South Central Florida Express short line from Sebring since 1994

At the extreme eastern edge of the Tampa Bay region, the ACL Haines City branch was built to the Glades County region in 1912. Taking advantage of lumber harvests in the south, the line was extended to Immokalee in 1916 and finally to additional forested lands at Everglades City via Sunniland in the mid to late 1920s. Passengers traveling this route were usually carried on local mixed trains with freight cars (often also containing sugar cane and produce for customers in the North) that required frequent stops.

Business on the line was good until the Depression years. During World War II, business picked up, but ACL stockholders were told not to expect it to continue. For one thing, forest production was steadily decreasing the number of available trees. The ACL began to abandon parts of their lines in 1958, starting near Everglades City and eventually withdrawing back to the Sunniland area.

In 1994, the U.S. Sugar Company purchased 156 miles of south Florida track, including part of the former CSX track south of Sebring. Shipments of sugar products are transferred directly with CSX at Sebring (along with an indirect connection to CSX at the east shore of Lake Okeechobee beyond Pahokee).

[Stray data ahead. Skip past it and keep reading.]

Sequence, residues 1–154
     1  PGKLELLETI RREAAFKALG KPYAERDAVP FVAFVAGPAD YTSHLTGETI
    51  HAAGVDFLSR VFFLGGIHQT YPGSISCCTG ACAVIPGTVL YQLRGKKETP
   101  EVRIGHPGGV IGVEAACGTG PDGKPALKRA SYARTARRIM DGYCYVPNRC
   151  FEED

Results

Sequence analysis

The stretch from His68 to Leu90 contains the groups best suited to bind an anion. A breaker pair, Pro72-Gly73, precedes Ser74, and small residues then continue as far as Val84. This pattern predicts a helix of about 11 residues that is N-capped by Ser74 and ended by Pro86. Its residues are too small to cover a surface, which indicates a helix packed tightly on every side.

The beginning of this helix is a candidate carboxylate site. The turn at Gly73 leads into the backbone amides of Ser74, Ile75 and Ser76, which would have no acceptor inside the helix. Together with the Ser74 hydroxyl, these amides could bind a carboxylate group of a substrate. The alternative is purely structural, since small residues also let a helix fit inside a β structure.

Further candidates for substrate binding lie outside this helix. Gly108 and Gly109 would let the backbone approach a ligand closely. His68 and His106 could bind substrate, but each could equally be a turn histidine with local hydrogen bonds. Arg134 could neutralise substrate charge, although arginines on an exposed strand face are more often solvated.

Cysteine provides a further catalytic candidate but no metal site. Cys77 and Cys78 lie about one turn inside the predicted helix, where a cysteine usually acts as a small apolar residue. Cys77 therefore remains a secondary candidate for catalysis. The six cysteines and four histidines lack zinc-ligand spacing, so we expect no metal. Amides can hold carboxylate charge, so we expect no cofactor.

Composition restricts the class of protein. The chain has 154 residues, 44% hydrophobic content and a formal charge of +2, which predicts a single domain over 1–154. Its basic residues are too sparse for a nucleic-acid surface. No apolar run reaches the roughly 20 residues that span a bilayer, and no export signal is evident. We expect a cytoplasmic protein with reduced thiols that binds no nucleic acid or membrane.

The simplified map shows the route and branches (blue lines) of today's the South Central Florida Express short line, including some rail routes of the former ACL Haines City branch.

South Central Florida Express short line from Sebring since 1994
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See more images of the South Central Express.

Recommended Reading

Turner, Gregg M., Railroads of Southwest Florida, Arcadia Publishing, 1999

Tampa Bay Lines South


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